1931 Warner Brothers

Directed by William A. Wellman. 
Screenplay by Oliver H. P. Garrett, based on the novel by Dora Mag. 
Dialogue by Oliver H. P. Garrett and Charles Kenyon. 
Photography by Chick McGill. 
Editor: Ed McDermott. 
Release date: August 8, 1931. 
Running time: 72 minutes.

CAST: Barbara Stanwyck, Ben Lyon, Joan Blondell, Clark Gable, Charles Winninger, Vera Lewis, Blanche Erederici, Charlotte Merriam, Edward Nugent, Rolf Harolde, Wafter McGrail, Allan Lane.

SYNOPSIS: Lora Hart (Barbara Stanwyck), a young nurse, is hired by Mrs. Ritchey (Charlotte Merriam), a wealthy and drunken widow, to act as a private nurse to her children. Mrs. Ritcheyis past indifference to their welfare has allowed the other members of the household to hatch a plot to starve the two little girls to death, thereby getting possession of a trust fund left to them through marriage of the chauffeur, Nick, to the mother.

When Lora discovers the scheme she seeks the help of a breezy bootlegger, Mortie (Ben Lyon), whom she had attended to when he had been shot in the shoulder. lie comes to her rescue after she is pretty badly man-handled by the rough chauffeur (Clark Gable), who warns her that she will be killed if she tells what she knows.

Maloney (Joan Blondell), a close nurse friend to whom Lora confides, tells her to tell the police, but she is afraid and leaves the situation to Mortie. The bootlegger is in love with Lora and with a few gangland friends disperses the scheming mob. The grateful bra confesses her love to Mortie as he resolves to give up his illegal business.


Sidney, Variety: Clark Gable goes through socking everybody, including Miss Stanwyclc, and is finally done away with by inference. What legitimate performances crop up in the footage seem to belong to Miss Blondell and Charlie Winninger as the hospital head. Miss Stanwyck plays her dancehall type of girl on one note throughout and is shy of
shading to lend her performance some color . . . Production is adequate, but Wellman has 'way overplayed the indifference to the welfare of her children, as done by Charlotte Merriam, who is the wealthy and drunken mother.

Hollywood Reporter: The best things about Night Nurse are its title and cast names plus the Misses Stanwyck and Blondell stripping two or three times during the picture. Otherwise, it's a conglomeration of exaggerations, often bordering on serial dramatics.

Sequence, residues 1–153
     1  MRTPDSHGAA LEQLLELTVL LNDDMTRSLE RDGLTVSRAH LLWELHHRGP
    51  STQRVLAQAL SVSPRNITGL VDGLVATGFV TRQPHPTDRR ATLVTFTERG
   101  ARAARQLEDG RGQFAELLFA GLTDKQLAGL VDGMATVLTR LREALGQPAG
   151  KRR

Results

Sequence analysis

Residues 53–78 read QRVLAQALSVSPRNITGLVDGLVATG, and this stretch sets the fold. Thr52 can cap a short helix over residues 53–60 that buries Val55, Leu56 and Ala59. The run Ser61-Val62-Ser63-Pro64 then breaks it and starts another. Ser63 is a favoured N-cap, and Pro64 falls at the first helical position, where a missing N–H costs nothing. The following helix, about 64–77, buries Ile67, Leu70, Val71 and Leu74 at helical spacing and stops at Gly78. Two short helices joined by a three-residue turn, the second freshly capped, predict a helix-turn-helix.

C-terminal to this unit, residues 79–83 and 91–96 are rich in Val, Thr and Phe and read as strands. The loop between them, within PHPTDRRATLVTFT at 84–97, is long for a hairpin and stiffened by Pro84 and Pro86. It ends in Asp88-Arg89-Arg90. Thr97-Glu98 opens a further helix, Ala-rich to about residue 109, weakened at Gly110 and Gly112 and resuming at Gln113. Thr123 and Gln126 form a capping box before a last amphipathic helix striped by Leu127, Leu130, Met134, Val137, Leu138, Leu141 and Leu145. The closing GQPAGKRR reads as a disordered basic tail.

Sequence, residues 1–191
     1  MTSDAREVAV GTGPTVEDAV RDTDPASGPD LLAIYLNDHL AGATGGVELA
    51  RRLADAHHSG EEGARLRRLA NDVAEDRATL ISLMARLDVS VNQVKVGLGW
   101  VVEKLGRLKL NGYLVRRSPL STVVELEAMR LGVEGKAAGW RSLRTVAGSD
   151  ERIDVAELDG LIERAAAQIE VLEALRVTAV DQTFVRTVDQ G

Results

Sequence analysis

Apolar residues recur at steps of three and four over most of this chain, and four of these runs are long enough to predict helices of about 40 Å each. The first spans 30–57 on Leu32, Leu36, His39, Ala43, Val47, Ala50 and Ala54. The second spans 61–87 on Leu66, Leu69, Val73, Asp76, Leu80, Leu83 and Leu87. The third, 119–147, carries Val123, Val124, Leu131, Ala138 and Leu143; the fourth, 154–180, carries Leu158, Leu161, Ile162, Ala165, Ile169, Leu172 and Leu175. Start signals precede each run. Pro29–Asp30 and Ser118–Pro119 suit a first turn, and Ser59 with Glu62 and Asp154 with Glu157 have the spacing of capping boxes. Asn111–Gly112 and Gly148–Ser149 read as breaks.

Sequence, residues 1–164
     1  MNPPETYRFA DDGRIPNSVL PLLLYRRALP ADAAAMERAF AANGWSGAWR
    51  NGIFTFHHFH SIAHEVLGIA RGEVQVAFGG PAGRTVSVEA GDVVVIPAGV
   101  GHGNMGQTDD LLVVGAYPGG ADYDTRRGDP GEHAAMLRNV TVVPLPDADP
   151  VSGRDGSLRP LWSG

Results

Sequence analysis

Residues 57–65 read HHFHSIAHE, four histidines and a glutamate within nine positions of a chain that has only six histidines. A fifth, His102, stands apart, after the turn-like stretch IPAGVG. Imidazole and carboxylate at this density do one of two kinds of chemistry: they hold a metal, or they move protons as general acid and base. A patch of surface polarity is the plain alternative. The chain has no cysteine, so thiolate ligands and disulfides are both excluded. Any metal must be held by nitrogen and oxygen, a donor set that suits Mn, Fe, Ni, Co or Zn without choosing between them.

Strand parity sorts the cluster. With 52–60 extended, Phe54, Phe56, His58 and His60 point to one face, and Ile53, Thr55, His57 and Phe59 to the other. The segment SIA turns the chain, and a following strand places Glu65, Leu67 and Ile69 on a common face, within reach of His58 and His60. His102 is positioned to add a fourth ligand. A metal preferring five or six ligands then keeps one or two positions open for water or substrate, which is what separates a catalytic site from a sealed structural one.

Film Daily: Strange but amusing mixture of hospital drama, crook activities and comedy, with good work by fine cast . . . Joan Blondell, in the rote of a sister nurse to Miss Stanwyck, walks oil with a big slice of the honors as a result of her wisecracking and comedy antics, all of which register solidly. Lyon's bootleg role also is in a comedy vein, and there are plenty of laughs throughout.

Movie Mirrors: Adapted from Dora Macy's novel, a nurse discovers an attempt to starve children to gain a trust fund and saves the children.

At a hospital Dr. Bell (Charles Winninger) helps Lora Hart (Barbara Stanwyck) get a job as a nurse without a diploma. Miss Dillon (Vera Lewis) tells her the rules, and Hart rooms with Maloney (Joan Blondell). They sneak in late, and Hart finds a skeleton in her bed. Dillon puts them on the night shift, and Hart gets in bed with Maloney. Hart treats the wounded arm of a bootlegger known as Pal (Ben Lyon) but doesn't report the bullet wound as required by law. In surgery Maloney helps Hart stay conscious when the patient dies. They graduate and take the Florence Nightingale pledge.

Hart works as night nurse for a rich family. The day nurse Maloney tells her the children are anemic and only get milk. Hart learns their sister died, and they tell her the chauffeur Nick is horrid. The children say they are hungry, but Mrs. Maxwell (Blanche Frederici) tells Hart not to believe them. A drunk gropes Hart against her will. Nick (Clark Gable) comes in and knocks him out. When Hart tries to call a doctor, he slugs her and carries her to another room. Hart tells Dr. Ranger (Ralf Harolde), who denies there is a problem. She says they are starving and resigns. Hart goes to Dr. Bell, who won't intervene because of "professional ethics." He advises her to go back on that job, and she apologizes to Dr. Ranger. Mrs. Ritchey (Charlotte Merriam) gives Hart $100.

At a drugstore Hart sees her Pal, who notices she got hit. He says he quit the rackets, but she doesn't believe him. Mrs. Maxwell tells Hart she is worried, and Maloney says that Nanny is worse. Hart looks for Mrs. Ritchie at a party and finds her drunk. Hart pleads that Nanny is ill; but Mrs. Ritchie says she is a dipsomaniac. Hart knocks down drunk Mack, while Mrs. Ritchie passes out. Hart calls Dr. Bell and leaves a message that Nick overhears. Pal comes in looking for Nick, delivering booze. Hart asks him to help and sends him out for milk, which he steals, so they can try the milk bath Mrs. Maxwell keeps recommending. A drunk Mrs. Maxwell tells Hart about Nick and Mrs. Ritchie's custody of the children's trust fund. Hart accuses Nick of murder with Dr. Ranger. Nick chases Mrs. Maxwell out. Dr. Bell comes in and advises a blood transfusion. Hart offers her blood. Nick punches Dr. Bell; but Pal makes Nick leave. Dr. Bell tells Hart that Nanny will recover. Hart says she is going to the police, and Pal takes her, saying he told his friends he didn't like Nick, who is taken to the morgue.

Notorious for showing the nurses changing clothes, this dramatic story portrays a bootlegger as helpful and a woman victimized with the use of alcohol. The real heroine is the courageous night nurse, who is not afraid to risk her career to help people in need.

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